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PHPUnit Fundamentals: Setting Up and Tearing Down a Doctrine 2 Database Page 2

By W. Jason Gilmore
on August 17, 2011

Using the PHPUnit Database Extension

While the above example works great for conveniently regenerating the database structure, chances are you’re going to additionally want to initialize some test data. Unfortunately, the Doctrine 2 release is no longer packaged with the convenient YAML-related features available in the 1.X releases, meaning another solution must be devised. Fortunately, PHPUnit’s DBUnit extension takes much of the pain out of devising your own custom solution.
The following code isn’t ideal because in order to demonstrate the core feature of DBUnit I’ll need to duplicate a bit of database connection credentials which would otherwise be retrieved directly from the application.ini file (see the article Introducing the Zend Framework’s Application Configuration Component for more information about accessing configuration data), it should nonetheless provide you with a sound understanding of DBUnit’s capabilities. In order to use DBUnit, you’ll need to make a few minor but important changes to your project’s base test class. The modified code is presented next. Notice in particular how the base class now extends PHPUnit_Extensions_Database_TestCase, and that two additional required methods have been defined, namely getConnection() and getDataSet(). The former method is responsible for establishing the database connection, while the latter is responsible for loading the data set into the database:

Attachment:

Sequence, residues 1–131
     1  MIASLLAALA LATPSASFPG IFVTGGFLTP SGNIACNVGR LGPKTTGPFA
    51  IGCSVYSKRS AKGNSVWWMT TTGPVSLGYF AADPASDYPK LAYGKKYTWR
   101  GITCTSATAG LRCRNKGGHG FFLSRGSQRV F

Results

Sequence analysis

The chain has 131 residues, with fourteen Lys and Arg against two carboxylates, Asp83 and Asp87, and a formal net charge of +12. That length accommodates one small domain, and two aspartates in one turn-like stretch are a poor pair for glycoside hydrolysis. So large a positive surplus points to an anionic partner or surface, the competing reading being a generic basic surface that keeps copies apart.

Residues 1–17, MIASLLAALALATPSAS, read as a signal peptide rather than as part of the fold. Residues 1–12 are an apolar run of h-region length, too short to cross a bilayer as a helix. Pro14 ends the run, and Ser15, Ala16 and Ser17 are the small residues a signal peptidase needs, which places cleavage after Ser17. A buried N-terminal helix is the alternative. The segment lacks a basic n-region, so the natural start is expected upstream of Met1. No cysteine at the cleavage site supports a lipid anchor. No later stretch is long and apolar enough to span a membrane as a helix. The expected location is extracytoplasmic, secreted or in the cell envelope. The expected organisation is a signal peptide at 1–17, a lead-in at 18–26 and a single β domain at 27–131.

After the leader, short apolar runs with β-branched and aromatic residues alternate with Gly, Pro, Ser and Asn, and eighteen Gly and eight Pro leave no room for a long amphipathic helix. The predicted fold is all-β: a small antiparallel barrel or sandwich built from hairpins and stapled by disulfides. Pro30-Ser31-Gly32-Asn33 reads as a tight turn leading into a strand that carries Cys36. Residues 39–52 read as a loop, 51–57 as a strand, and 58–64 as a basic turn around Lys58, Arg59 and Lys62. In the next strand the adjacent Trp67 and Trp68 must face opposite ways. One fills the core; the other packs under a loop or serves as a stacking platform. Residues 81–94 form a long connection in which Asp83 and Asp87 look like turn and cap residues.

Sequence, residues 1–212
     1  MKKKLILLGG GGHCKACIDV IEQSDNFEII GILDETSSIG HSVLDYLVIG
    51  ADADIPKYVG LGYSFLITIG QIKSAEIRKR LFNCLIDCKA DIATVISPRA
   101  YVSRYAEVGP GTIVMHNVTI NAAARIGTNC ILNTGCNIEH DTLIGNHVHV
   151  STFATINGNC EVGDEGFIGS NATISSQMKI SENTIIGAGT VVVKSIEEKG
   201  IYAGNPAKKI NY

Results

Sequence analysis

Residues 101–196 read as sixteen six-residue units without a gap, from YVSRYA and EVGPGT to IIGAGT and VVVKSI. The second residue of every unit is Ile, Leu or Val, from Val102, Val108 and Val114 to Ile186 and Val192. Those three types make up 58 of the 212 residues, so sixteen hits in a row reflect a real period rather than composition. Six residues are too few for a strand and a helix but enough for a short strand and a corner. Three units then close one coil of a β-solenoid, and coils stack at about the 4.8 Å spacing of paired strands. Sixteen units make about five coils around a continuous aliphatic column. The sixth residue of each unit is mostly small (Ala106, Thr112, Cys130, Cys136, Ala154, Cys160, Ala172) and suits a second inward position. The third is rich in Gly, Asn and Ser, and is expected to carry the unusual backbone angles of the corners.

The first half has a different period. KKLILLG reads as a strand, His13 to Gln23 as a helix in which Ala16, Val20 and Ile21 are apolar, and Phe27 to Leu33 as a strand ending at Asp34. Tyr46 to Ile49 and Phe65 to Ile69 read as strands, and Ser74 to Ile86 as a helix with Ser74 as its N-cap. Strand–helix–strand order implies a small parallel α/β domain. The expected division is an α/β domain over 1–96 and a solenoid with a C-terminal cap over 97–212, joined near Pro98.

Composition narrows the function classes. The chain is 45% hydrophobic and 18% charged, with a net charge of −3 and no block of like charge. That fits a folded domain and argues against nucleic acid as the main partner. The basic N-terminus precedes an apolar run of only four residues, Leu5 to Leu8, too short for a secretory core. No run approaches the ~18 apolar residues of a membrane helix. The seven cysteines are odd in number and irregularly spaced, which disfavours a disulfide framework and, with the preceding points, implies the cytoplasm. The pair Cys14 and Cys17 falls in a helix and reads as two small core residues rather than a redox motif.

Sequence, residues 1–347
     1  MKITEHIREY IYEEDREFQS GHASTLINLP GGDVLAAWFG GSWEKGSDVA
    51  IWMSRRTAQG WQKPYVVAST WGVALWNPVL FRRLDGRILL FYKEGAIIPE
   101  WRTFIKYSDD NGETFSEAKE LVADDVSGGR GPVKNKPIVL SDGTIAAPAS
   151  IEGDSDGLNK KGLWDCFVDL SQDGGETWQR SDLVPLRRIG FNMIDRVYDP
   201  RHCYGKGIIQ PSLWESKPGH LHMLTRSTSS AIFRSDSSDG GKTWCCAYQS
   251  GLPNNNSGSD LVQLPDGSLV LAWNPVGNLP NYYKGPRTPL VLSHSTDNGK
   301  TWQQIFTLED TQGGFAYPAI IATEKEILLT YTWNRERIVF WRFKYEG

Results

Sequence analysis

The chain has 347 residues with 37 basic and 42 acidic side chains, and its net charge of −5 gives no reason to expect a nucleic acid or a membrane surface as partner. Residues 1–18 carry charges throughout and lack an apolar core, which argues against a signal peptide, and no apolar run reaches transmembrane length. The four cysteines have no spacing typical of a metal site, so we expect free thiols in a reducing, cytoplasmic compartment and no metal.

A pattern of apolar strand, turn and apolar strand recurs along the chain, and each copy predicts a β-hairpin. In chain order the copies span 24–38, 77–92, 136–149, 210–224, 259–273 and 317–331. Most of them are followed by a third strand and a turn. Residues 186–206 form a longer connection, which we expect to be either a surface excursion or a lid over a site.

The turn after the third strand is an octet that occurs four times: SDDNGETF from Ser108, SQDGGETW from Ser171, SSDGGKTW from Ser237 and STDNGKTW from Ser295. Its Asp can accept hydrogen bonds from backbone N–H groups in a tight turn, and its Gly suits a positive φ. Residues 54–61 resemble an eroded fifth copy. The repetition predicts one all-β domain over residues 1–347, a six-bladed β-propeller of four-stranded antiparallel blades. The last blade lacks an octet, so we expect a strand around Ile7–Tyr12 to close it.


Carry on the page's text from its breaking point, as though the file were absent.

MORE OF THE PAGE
require_once "PHPUnit/Extensions/Database/DataSet/YamlDataSet.php";

class ModelTestCase extends PHPUnit_Extensions_Database_TestCase
  protected $em;

  public function getConnection()
    $pdo = new PDO('mysql:dbname=test_gamenomad_com;host=', 
                   'admin', 'secret');
    return $this->createDefaultDBConnection($pdo, 'test_gamenomad_com');
  public function getDataSet()
    return new PHPUnit_Extensions_Database_DataSet_YamlDataSet(

A simple such YAML file which might populate a table named platforms is presented next:

    id: 1
    name: "Xbox 360"
    abbreviation: "360"
    id: 2
    name: "PlayStation 3"
    abbreviation: "ps3"
    id: 3
    name: "Nintendo Wii"
    abbreviation: "wii"

Doctrine 2 developer Benjamin Eberlei released DoctrineExtensions, which includes a PHP Unit Extension for Doctrine. By the looks of it (see the documentation available via the previous link), it’s possible to remove the redundant authentication credentials and instead refer to the Doctrine entity manager. Stay tuned as in an upcoming article I’ll introduce the DoctrineExtensions project in some detail.

Where to From Here?

Of course, interacting with the database in the fashion described above is a pretty expensive process. In fact, when you’re merely interested in testing the classes which interact with a data source, consider using test doubles (stubs and mocks), a feature I’ll discuss in an upcoming installment.

About the Author

Jason Gilmore is founder of the publishing, training, and consulting firm WJGilmore.com. He is the author of several popular books “Easy PHP Websites with the Zend Framework”, “Easy PayPal with PHP”, and “Beginning PHP and MySQL, Fourth Edition”. Follow him on Twitter at @wjgilmore.